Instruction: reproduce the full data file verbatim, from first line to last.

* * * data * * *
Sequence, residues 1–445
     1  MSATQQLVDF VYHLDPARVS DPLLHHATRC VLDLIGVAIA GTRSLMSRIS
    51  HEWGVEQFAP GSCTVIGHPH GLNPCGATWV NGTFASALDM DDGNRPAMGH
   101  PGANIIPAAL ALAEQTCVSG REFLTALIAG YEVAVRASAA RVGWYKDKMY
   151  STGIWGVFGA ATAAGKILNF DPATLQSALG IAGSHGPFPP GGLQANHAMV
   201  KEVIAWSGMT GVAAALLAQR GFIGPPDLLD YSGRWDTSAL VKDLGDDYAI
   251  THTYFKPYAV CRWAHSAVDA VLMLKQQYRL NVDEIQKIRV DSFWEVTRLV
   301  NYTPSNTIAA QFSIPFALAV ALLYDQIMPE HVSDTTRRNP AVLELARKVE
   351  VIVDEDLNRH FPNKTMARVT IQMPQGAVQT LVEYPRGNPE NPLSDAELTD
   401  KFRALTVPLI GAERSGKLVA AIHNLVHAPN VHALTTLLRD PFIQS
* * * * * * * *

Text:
Sequence, residues 1–445
     1  MSATQQLVDF VYHLDPARVS DPLLHHATRC VLDLIGVAIA GTRSLMSRIS
    51  HEWGVEQFAP GSCTVIGHPH GLNPCGATWV NGTFASALDM DDGNRPAMGH
   101  PGANIIPAAL ALAEQTCVSG REFLTALIAG YEVAVRASAA RVGWYKDKMY
   151  STGIWGVFGA ATAAGKILNF DPATLQSALG IAGSHGPFPP GGLQANHAMV
   201  KEVIAWSGMT GVAAALLAQR GFIGPPDLLD YSGRWDTSAL VKDLGDDYAI
   251  THTYFKPYAV CRWAHSAVDA VLMLKQQYRL NVDEIQKIRV DSFWEVTRLV
   301  NYTPSNTIAA QFSIPFALAV ALLYDQIMPE HVSDTTRRNP AVLELARKVE
   351  VIVDEDLNRH FPNKTMARVT IQMPQGAVQT LVEYPRGNPE NPLSDAELTD
   401  KFRALTVPLI GAERSGKLVA AIHNLVHAPN VHALTTLLRD PFIQS